Tsunderin: At long last we come to the end of our very, very long month. Why, it seems like only a year ago we started reviewing these movies. Ah, how time flies.
Today, we’re taking a look at Goro Miyazaki’s second directorial attempt in the Ghibli roster. With memories of Earthsea ever lingering in our minds—or at least my mind—we were more concerned with the pacing and general narrative of From Up on Poppy Hill than we were with other movies. Of course I wanted Goro to do well, but he had much to improve on. Did those five years between films help him? Let’s find out.
Tsunderin: So far on our journey through Ghibli’s film library there have been quite a few films that MadameAce and I have disliked. And whereas my dislike for a film will certainly color my desire to see it in the future, I don’t think there has been a movie so far that I would outright not watch ever again. That all changes today. Today, we review The Secret World of Arrietty: the only Ghibli movie that I will go out of my way to never watch again.
Tsunderin: Perhaps the only thing stronger than Miyazaki’s drive to write love stories with an unconventional twist is MadameAce’s drive to not actually watch the films until a month has passed since the last Ghibli film review. However, she finally got around to watching Ponyo, another unconventional love story, and though I doubt she’s very happy about it, she can save the complaining until her part.
Ponyo is unconventional in how polarizing it is: people I know either love it or hate it. And while I know that I encourage artists of any medium to experiment and do things out of the box, there’s something about this film that just doesn’t work.
Tsunderin: When looking at the Ghibli library, there’s one movie that seems to stick out like a sore thumb. A film that is only spoken of in whispers so as to not invite its wrath upon you. Or at least a film that clearly stands out as the black sheep of the family. No matter how melodramatic your interpretation, the general consensus on Tales from Earthsea seem to be “ugh, that movie.” Going into it, I honestly didn’t see how this movie could have been bad. Sure, it was a little long, but a fantasy setting with magic and dragons? It’s cruise control for interesting. To say that Earthsea was uninteresting wouldn’t be entirely true, but the issues in pacing and storytelling hinder the universe’s interesting history to the point of disrepair.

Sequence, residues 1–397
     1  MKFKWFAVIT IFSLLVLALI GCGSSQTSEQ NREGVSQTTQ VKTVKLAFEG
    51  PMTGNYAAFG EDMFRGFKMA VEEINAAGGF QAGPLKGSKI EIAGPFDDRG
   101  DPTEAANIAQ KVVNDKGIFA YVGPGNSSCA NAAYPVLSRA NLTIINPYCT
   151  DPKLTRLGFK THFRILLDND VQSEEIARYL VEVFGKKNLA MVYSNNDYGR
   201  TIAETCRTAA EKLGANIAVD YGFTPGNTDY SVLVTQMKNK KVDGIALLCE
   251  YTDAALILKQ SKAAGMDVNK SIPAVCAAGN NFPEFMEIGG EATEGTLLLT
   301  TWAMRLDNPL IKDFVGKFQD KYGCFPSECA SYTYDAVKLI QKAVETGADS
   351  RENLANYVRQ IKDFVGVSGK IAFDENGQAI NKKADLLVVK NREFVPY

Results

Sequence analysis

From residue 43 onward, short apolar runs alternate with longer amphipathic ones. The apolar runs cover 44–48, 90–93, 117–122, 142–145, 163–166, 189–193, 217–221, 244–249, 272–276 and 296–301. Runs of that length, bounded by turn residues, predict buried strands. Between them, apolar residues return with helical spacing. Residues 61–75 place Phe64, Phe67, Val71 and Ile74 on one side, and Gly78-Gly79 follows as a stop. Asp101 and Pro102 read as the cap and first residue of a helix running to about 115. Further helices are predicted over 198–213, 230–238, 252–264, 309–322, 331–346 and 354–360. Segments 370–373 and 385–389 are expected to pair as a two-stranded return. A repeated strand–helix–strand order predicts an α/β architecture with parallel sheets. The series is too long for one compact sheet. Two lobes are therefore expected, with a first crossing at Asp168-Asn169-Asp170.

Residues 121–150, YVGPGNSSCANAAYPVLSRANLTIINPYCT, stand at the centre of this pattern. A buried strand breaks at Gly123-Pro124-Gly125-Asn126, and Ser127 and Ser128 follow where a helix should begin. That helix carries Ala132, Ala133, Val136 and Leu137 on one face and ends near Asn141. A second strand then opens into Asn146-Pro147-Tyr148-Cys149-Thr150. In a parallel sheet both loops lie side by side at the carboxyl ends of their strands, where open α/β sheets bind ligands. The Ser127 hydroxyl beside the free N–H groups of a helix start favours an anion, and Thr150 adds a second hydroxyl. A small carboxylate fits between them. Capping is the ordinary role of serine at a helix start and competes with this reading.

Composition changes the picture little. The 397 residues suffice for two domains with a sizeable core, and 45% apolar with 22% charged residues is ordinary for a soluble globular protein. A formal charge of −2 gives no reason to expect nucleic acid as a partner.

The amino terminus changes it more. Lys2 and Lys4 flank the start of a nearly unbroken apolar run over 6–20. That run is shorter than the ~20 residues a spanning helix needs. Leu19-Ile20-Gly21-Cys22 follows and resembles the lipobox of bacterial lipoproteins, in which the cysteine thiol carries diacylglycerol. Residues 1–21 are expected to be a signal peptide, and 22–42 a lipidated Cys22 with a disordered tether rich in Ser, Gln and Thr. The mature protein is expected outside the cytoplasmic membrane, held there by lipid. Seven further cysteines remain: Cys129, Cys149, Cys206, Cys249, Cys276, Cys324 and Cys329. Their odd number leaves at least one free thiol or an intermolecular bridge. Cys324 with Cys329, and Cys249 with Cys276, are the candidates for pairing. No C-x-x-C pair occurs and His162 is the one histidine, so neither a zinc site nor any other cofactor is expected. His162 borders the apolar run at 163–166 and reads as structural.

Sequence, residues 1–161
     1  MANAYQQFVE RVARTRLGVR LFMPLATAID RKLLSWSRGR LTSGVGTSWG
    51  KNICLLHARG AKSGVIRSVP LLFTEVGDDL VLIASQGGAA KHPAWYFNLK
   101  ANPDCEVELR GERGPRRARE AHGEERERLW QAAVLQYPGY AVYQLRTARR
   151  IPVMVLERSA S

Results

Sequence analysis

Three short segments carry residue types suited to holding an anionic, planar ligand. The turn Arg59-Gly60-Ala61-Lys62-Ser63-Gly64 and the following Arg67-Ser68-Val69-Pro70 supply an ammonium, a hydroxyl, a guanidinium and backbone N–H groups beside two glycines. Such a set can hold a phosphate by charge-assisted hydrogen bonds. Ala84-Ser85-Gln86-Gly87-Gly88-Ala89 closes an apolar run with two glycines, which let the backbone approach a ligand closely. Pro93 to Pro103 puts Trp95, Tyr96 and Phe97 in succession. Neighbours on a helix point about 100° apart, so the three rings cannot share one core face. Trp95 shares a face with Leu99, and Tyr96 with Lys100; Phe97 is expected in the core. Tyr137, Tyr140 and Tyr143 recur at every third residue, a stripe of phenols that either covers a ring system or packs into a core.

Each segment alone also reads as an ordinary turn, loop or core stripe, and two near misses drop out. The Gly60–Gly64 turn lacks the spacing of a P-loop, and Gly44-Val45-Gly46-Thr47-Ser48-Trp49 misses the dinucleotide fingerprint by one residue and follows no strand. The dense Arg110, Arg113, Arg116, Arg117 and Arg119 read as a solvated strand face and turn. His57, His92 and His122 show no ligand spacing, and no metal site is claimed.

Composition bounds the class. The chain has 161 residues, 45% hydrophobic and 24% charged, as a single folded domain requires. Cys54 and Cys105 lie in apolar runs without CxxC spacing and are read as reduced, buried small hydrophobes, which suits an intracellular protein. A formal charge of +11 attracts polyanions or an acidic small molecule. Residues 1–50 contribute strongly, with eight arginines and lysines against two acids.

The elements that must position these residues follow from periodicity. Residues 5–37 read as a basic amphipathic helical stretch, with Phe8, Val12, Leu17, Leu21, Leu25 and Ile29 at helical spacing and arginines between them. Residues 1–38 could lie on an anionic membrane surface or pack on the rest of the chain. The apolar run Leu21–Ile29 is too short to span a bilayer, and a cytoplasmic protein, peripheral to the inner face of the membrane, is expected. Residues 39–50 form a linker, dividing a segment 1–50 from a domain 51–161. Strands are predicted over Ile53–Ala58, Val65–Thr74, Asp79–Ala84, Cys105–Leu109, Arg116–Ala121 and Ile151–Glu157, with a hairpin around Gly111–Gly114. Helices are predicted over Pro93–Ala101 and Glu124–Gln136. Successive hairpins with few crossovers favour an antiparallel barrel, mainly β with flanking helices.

It starts out well enough: the world of Earthsea is being thrown into disarray as its magic is slowly disappearing, famine is breaking out, and there are various other catastrophes, all of which land on the King of Enlad’s plate. His advisor, a wizard named Root, states that once the world was in balance, but due to a portion of mankind choosing material wealth as the most important thing, the other portion left and became dragons to retain their freedom, causing a schism between the two sections. Most importantly, if the balance between the two groups is resolved, there would be a possibility of the catastrophes ending and magic slowly returning. Unfortunately, before the King has much time to dwell on this he is murdered on the way back to his room by his son, Prince Arren, who then steals his father’s sword and escapes the city’s walls.
MadameAce: Hello, Ace here, and welcome to yet another installment of Ghibli Month. I have some bad news though. Rin is unfortunately not here for this review, so you’re stuck with just me today. I know; it makes me sad too.
Anyway, The Cat Returns centers on highschooler Haru, a shy girl with little no self-confidence. She’s a klutz who never wakes up on time, is always late for school, constantly trips over her own two feet, and is laughed at and picked on by the other students, including her best friend. Her life gets much harder when one day she saves a cat about to be run over by a truck—breaking her friend’s lacrosse stick in the process. While Haru is catching her breath on the side of the road, the cat in question stands up on his hind legs, brushes himself off, and calmly thanks Haru for saving him. It turns out that he is Prince Lune from the Cat Kingdom. Later that night, on entourage of cats make their way to Haru’s house. Among them is their king, who wants to thank Haru personally. The cats give Haru a piece of paper that has a list of all the marvelous cat gifts they want to bestow upon her for saving their prince. The cats have vowed to not stop until Haru is perfectly happy, regardless of her feelings on the matter.